Basketball plays are the foundation of any coach’s strategy for winning. Without a set of plays, basketball coaches cannot properly prepare their team for situations they may face on the court. The following article outlines what coaches should take into account when creating plays and teaching them to athletes.
Athlete Skill Level
As with any sport, basketball plays need to be tailored to the level of the athletes. Young players need slower plays that give them time to think and execute a move. Older players may be able to make plays that are more complicated and that require more reasoning and strategic thinking.
Variety of Movement
Basketball players need plays that will challenge them and get real results in a game. Coaches must take into account the variety of plays they provide, so that athletes are prepared for different situations. Having only defensive plays will create an unbalanced team and ultimately lead to defeat.
Basketball Practice Time
Coaches who only meet with players once or twice a week will have to implement different plays than coaches who work with their team every afternoon, because the team dynamic will be different. To be able to do complicated plays, athletes must trust each other and have time to practice, two things that come with extensive time together. Coaches should gauge their practice time when teaching basketball plays.
Basketball Plays to Try
Offense on the Zone
Player 1 starts behind the circle and passes to Player 2, who is on the left side of the circle. Player 1 runs to replace Player 3, who is opposite Player 2 on the right side of the circle. Player 3, meanwhile, cuts into the middle of the court and back up, toward the top of the circle. Player 4 cuts to the right side of the court, having started in the paint on the left side.
For this basketball offensive play, player 2 passes to Player 3 and cuts through the zone, ending where Player 4 is. Player 4 set a double screen with Player 5, who is in the paint on the right side.
Player 3 passes to Player 1, who passes to Player 4. Player 4 can either push down to the bucket or take a shot from his position near the free-throw line.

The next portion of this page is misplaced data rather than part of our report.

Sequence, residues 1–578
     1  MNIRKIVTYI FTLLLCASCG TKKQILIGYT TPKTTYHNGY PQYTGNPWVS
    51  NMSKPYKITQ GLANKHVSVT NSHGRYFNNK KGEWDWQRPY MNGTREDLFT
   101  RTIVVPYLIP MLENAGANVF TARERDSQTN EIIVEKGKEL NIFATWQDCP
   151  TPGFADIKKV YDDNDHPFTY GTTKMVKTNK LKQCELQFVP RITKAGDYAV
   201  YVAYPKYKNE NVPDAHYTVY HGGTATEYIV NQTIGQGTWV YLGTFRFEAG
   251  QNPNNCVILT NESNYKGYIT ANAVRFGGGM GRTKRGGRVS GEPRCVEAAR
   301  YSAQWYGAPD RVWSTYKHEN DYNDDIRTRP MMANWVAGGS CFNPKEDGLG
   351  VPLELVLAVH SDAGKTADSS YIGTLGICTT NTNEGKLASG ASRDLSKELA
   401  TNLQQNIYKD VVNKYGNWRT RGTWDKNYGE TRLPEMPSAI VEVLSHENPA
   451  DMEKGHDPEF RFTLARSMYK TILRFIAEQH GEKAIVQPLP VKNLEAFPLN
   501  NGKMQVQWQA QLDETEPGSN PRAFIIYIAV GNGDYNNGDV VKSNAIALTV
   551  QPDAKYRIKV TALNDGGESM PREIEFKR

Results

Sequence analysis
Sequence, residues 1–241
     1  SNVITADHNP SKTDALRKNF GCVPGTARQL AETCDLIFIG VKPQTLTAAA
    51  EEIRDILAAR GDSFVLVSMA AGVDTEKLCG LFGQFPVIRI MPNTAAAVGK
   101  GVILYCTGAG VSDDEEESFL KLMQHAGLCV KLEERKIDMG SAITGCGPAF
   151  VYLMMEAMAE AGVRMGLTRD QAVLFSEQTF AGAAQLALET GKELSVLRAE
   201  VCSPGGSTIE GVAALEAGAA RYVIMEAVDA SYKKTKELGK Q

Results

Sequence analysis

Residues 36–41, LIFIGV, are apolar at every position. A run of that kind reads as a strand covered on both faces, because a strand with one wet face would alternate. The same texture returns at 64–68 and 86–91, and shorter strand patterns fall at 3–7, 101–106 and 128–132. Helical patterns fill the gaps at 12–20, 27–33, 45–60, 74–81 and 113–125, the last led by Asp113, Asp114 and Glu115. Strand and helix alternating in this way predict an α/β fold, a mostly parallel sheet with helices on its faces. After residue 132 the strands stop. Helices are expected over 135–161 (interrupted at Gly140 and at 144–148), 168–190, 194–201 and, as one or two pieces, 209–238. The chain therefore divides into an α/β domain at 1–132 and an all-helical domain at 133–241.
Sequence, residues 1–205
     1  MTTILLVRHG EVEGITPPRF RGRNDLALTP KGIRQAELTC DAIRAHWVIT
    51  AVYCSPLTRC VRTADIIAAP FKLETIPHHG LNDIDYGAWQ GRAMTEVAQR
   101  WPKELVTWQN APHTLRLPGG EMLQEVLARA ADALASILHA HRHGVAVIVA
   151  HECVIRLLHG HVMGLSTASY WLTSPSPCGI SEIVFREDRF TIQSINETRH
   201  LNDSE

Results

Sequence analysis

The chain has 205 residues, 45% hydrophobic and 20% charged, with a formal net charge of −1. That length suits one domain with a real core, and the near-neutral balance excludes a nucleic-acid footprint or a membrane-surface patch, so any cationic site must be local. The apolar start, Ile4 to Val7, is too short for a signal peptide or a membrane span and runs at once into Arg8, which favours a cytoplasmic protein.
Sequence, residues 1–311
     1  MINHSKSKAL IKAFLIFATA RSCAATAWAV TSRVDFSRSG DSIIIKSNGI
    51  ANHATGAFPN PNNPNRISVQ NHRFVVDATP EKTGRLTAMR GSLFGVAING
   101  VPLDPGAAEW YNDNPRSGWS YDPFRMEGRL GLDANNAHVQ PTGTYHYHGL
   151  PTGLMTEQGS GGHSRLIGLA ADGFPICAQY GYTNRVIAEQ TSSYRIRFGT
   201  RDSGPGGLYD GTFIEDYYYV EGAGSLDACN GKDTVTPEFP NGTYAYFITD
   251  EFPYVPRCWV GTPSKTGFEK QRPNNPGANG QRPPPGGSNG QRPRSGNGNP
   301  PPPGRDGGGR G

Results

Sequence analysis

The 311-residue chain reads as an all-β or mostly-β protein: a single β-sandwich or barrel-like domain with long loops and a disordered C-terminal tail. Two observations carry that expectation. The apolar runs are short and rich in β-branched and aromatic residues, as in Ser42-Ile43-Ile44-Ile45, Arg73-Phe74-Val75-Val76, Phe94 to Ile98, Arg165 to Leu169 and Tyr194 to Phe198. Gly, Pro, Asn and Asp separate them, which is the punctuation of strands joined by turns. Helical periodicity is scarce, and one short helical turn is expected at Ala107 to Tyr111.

The offense passes the ball in-bounds. Player 1 guards the offense while he dribbles to the right side. Player 3, already on the right side, double-teams the offense with Player 1. Player 2, currently near center court on the left side, comes into the middle circle. Player 4, also in the middle circle, guards against a long pass to offensive players near mid court.
The offense will have to pass the ball. Player 2, in the center circle, guards the two players likely to be on the left side of the court—one of whom probably received the ball. Player 1 mimics the offense’s running pattern, coming to the top of the three-point circle. Player 2 is looking for bad passes to pick off.
Players 1 and 2 force the offensive player with the ball to the sideline, while Players 3, 4, and 5 stay in front of the other offensive players, denying the offense a chance to pass cleanly.
Try these basketball plays to bring any team up to speed. The two plays provided are basic offense and defense plays ready to be adapted to any team’s needs!
eBasketballCoach > Basketball Plays
Girls Basketball Plays | Motion Offense | Basketball Offensive Plays
Simple Basketball Plays | Youth Basketball Plays | Defensive Basketball Plays
Basketball Zone Defense | Basketball Plays Newsletter